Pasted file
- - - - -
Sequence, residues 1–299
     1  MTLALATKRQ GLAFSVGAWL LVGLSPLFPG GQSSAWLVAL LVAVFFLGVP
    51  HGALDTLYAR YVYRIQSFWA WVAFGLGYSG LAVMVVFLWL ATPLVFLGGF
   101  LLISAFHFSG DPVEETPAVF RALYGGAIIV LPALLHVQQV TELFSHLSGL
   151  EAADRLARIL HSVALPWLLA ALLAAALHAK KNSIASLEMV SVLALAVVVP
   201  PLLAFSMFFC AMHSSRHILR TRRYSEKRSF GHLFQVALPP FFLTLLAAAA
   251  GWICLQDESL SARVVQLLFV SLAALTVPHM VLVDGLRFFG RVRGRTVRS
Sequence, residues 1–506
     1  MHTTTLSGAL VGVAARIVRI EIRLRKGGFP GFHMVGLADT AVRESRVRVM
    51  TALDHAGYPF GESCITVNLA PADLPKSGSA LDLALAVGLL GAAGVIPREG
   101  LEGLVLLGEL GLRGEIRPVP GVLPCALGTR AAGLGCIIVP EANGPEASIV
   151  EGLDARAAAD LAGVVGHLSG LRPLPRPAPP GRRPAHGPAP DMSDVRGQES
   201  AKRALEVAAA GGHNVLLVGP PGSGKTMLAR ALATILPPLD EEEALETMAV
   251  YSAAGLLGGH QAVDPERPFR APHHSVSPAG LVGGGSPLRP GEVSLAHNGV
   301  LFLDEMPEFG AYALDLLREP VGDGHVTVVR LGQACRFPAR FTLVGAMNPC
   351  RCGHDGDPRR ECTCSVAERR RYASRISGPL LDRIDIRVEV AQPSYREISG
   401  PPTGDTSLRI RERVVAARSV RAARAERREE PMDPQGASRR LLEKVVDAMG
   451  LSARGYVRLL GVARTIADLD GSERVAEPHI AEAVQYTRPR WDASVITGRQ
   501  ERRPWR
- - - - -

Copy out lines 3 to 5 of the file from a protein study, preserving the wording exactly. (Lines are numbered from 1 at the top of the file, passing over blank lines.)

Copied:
    51  HGALDTLYAR YVYRIQSFWA WVAFGLGYSG LAVMVVFLWL ATPLVFLGGF
   101  LLISAFHFSG DPVEETPAVF RALYGGAIIV LPALLHVQQV TELFSHLSGL
   151  EAADRLARIL HSVALPWLLA ALLAAALHAK KNSIASLEMV SVLALAVVVP